101 Dalmatians Review
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Disney’s animators have never shied away from a good challenge—whether it’s producing the very first full-length animated feature or inventing new techniques to make digital animation more and more realistic. For 1961’s 101 Dalmatians, Disney took on the monumental task of animating 101 unique pups—and one extravagantly evil villain—with unforgettable results.

This spotted Disney classic tells the story of Pongo (voiced by Rod Taylor), an easy-going Dalmatian who once lived alone with his pet, Roger (Ben Wright), a solitary musician. Tired of the bachelor’s life, Pongo decides to find Roger a mate—and Pongo and Roger soon find themselves settling down with Perdita (Cate Bauer) and Anita (Lisa Davis).

Not long after the two couples begin their happily-ever-after, Perdita gives birth to 15 adorable puppies. It seems that life couldn’t get any better for the Pongos until Anita’s old friend, Cruella De Vil (Betty Lou Gerson), takes an interest in the puppies, secretly plotting to turn them into stylish fur coats. And when Roger sends her away empty-handed, she takes matters into her own hands.

  
 
101 Dalmatians features a bunch of lovable four-legged characters who work together to save the day. From Pongo and Perdita and their adorable pups to the vigilant canines of the Barking Chain to the cats and cows and horses who help out along the way, they’re all lively characters with unique personalities.

The animation, too, is beautiful, employing various techniques to create striking sets—whether the characters are trudging through the snow-covered countryside or racing through the shadowy streets of London, with streetlights illuminating their way through the fog.

Despite the furry heroes and striking settings, though, the most memorable thing about 101 Dalmatians is still Cruella De Vil. She’s an unforgettable villain—and not just because she has her own catchy theme song. She’s equal parts comical and creepy—and perhaps criminally insane, too. She’s spoiled and condescending and downright cold-hearted. And while her wild hair and flamboyant style make her an amusing character, when her plan backfires and she becomes wild-eyed and obsessive, she’s absolutely terrifying in a way that can give even grown-ups nightmares. There’s nothing magical about this animated villain; she’s simply a truly heartless human being—and perhaps that’s what makes her all the more horrifying.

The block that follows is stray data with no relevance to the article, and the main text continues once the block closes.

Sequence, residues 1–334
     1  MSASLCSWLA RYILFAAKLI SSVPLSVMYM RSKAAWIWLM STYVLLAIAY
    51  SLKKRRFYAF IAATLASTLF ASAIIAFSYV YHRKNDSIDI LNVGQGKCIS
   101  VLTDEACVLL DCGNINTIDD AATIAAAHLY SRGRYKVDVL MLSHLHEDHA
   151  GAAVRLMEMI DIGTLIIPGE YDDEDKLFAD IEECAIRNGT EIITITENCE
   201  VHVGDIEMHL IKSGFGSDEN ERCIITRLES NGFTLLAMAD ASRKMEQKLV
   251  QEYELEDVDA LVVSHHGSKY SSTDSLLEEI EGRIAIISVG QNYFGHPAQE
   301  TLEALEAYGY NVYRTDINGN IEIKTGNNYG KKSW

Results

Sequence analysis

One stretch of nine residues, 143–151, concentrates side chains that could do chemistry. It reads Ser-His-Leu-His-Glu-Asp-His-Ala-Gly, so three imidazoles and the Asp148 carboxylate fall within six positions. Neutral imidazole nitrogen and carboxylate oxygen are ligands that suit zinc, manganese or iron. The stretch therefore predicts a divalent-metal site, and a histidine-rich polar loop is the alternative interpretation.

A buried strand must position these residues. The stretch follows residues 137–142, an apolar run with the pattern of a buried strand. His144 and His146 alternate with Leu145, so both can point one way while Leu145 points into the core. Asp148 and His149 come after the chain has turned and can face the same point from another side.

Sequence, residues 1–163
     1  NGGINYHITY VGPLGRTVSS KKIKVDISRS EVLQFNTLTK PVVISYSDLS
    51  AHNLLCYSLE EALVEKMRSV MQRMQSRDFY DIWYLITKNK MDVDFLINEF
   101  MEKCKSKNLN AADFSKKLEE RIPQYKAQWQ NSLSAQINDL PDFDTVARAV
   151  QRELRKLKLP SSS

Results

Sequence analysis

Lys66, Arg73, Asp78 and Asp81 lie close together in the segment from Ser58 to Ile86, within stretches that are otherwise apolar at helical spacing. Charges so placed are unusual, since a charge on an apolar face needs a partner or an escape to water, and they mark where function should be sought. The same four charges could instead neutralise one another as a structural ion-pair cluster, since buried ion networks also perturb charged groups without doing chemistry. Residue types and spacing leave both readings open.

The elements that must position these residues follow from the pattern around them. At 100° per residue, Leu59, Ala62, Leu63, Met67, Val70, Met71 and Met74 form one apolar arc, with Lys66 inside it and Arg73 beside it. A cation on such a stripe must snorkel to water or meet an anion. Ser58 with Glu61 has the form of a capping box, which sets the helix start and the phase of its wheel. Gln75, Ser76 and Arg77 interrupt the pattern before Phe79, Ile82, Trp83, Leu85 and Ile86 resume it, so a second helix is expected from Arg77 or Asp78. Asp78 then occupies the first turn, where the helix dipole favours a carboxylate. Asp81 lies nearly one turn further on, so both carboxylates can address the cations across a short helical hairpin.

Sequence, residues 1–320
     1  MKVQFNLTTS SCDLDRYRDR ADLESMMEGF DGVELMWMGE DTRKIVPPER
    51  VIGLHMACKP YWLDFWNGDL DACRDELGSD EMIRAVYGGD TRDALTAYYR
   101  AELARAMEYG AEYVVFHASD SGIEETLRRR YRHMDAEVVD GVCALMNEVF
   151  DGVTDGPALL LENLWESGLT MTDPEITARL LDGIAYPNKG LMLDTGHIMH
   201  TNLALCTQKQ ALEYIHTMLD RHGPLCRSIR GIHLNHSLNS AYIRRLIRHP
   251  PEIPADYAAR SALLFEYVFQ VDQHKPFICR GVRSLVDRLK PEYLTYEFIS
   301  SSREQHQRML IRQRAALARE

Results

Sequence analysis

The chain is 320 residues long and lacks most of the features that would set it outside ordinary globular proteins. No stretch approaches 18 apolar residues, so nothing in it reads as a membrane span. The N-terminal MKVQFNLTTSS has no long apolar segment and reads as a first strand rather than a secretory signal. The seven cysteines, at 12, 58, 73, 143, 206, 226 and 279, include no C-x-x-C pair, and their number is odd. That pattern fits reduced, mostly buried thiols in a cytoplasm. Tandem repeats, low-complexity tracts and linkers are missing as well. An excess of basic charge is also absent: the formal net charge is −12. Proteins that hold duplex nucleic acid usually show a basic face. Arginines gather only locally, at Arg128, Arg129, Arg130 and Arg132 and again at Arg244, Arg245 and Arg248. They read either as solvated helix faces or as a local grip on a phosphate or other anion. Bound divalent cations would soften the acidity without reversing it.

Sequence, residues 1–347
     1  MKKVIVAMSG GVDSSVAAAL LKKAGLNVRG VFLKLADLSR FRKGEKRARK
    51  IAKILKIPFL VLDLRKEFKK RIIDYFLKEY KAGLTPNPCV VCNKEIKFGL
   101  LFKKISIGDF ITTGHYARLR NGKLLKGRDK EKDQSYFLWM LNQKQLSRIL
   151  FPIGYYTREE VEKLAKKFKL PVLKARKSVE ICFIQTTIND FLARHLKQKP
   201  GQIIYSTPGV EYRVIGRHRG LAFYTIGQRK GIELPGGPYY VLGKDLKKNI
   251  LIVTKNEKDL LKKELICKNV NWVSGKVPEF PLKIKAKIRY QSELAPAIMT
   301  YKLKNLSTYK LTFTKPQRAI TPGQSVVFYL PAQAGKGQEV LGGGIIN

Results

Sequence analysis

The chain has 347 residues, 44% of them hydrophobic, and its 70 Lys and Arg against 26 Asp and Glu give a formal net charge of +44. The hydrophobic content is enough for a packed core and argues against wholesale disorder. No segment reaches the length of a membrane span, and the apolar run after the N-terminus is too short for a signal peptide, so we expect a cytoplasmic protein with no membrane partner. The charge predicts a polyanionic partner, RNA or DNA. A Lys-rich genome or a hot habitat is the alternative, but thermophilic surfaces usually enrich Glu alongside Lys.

Fortunately, Cruella has a pair of mostly incompetent henchmen, Horace and Jasper (Frederick Worlock and J. Pat O’Malley), who balance out Cruella’s sheer evil with their half-hearted bumbling. And, in the end, no matter how evil she may be, she’s no match for the clever canines of London.

Put them all together—the loathsome villain and the courageous animals—and you’ve got a winning combination. Though Cruella’s wilder moments may, admittedly, be a bit too scary for some younger viewers, 101 Dalmatians is still an animated classic that’s worthy of a place in your collection.


Blu-ray Review:
The Diamond Edition Blu-ray release of this canine classic also includes a number of worthwhile extras. In addition to the classic DVD features—demos, deleted songs, a making-of feature, and more—there are also several brand-new offerings on the special features menu. The all-new animated short, The Further Adventures of Thunderbolt, continues the adventures of the puppies’ favorite hero (complete with occasional commentary from the puppies themselves). In the 1961 special Walt Disney Presents: The Best Doggoned Dog in the World, Walt himself discusses his lifelong love of dogs while telling stories about his favorite heroic canines. And young Disney Channel star Cameron Boyce offers more tidbits and trivia about what makes the this Disney classic so remarkable in Dalmatians 101.

If you love movie history as much as I do, though, you won’t want to skip Lucky Dogs, a behind-the-scenes feature that mixes archive footage with all-new interviews to give fans a sense of what it was like to work at Disney’s animation studios. Several long-time Disney animators explain the process and the innovations that went into making 101 Dalmatians—and how those innovations ultimately saved animated movies.

The extras included in this Blu-ray release offer something for fans of all ages—from young Disney Channel fans to armchair historians. So after you finish catching up with Pongo, Perdita, and their pups, be sure to check out the special features menu, too.

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